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How I Collect

Q&A: Baltimore-Based Collectors Larry Eisenstein and Robin Zimelman Find Joy in "Difficult" Post-2000 Art


Q&A: Baltimore-Based Collectors Larry Eisenstein and Robin Zimelman Find Joy in "Difficult" Post-2000 Art
Robin Zimelman and Larry Eisenstein in front of a Parker Ito installation. Image: Eisenstein/Zimelman/Artspace

Artwork is considered "difficult" by industry insiders when it's thought to be hard to sell—either because it's a medium that is... well, not painting, or because it's more conceptually rigorous than it is aesthetically pleasing. For nearly the past 20 years, Baltimore-based couple Larry Eisenstein and Robin Zimelman have been championing emerging artists who make "difficult" work that, frankly, many collectors don't have the guts or the commitment to acquire. Talk about commitment: Eisenstein and Zimelman recently turned two rooms in their home into black box theaters to show their ever-growing collection of video and new media artists like Trisha Baga, Ryan Trecartin, Peggy Ahwesh, Tommy Hartung, and Ian Cheng—illustrating that for them, it's not just about acquiring art, it's also about experiencing art... even if that means giving up your office. 

Here, Eisenstein and Zimelman tell us why and when they began collecting, and offer some advice for those of us who are aspiring collectors getting ready to acquire some of our first works of art. 

When and why did you start collecting art?

We read an article in the New York Times about the burgeoning Williamsburg art scene, and particularly about Joe Amrhein at Pierogi gallery, back in 1999 when Williamsburg was still uncharted territory. So we decided to take a visit, and soon Joe was sending us to visit artist studios, and we really enjoyed getting to know and collect work of younger artists. That still excites us, and is an important part of our collecting. Of course, these days, we are spending a lot of time not in Williamsburg, but in Bushwick.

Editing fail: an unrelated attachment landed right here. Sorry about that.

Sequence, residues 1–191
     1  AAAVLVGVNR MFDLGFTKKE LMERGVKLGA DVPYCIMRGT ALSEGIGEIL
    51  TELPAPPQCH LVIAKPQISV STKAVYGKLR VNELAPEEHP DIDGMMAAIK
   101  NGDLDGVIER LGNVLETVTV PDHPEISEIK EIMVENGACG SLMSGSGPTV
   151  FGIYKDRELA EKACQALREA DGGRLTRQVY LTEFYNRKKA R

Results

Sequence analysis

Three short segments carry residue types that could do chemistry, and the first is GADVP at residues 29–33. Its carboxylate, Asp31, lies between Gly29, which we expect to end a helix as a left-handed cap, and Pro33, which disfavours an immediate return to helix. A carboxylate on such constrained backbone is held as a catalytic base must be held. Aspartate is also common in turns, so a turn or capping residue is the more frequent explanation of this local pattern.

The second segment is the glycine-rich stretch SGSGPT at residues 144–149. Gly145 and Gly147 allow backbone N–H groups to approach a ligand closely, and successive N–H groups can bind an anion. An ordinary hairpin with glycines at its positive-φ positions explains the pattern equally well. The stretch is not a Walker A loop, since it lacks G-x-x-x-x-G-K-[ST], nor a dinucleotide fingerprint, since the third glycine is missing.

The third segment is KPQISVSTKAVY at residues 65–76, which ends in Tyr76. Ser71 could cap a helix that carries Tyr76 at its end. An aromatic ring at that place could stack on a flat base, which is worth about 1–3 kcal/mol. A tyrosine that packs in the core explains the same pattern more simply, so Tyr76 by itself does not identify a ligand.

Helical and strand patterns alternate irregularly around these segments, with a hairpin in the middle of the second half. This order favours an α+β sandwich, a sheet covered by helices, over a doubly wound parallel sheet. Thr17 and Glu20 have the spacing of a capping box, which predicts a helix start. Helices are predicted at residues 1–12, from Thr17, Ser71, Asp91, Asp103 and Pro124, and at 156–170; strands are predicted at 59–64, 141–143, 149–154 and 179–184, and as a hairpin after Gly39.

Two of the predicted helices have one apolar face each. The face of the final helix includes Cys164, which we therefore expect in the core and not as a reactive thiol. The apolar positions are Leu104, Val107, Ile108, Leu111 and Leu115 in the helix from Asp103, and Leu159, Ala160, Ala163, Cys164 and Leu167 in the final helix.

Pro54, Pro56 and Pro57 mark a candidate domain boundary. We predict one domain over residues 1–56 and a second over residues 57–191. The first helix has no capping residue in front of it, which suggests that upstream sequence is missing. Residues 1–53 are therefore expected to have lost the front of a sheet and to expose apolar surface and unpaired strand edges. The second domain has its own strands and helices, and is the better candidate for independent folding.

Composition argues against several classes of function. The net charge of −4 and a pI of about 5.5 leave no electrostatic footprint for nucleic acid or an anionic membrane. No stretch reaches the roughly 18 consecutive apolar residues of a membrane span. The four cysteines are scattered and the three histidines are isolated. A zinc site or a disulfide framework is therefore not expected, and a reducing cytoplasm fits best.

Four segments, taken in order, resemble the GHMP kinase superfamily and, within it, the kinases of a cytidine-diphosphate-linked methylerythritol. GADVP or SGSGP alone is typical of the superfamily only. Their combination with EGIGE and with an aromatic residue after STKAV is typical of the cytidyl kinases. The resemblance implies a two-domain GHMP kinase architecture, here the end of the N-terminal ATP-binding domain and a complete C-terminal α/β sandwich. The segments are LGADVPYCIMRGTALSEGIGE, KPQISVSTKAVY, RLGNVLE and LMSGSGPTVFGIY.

How would you describe your collection? Are there certain artists/media/movements you gravitate towards more than others?

We only collect work created post-2000. Certainly a primary focus of our collection is on sculpture and on moving image and video, including also VR and 3D. Getting beyond painting seems to scare a lot of people—particularly collecting video—but we feel it is some of the most interesting work being created today. There are some artists where people are mostly buying works that go on the wall, but in talking with the artist it seems clear that the core of their focus is video—so we collect the video. We also gravitate towards art with multiple layers of meaning, often a back story that might be conceptual or political.

What artists or trends excite you today?

There seems to us today to be a Renaissance of really amazing female sculptors, working with a wide diversity of materials and viewpoints. Some of the perhaps less familiar names are people like Hayden Dunham, Jessica Vaughn, Sophie Hirsch, and Danica Barboza. Independent of this, there also are many artists, both male and female—people like Raul de Nieves, Liz Craft, Win McCarthy—focusing on a more personal, hands-on style of making objects.

What would you tell people who are just starting to build their collections?

Collect what you love … the works that make your heart leap. If you see enough art—at galleries, at museums, at studios—you will inevitably learn what artworks connect with you personally. Not to mention that spending time with gallerists, and with artists, can be an eye-opening experience, and one of the really great pleasures of collecting art.


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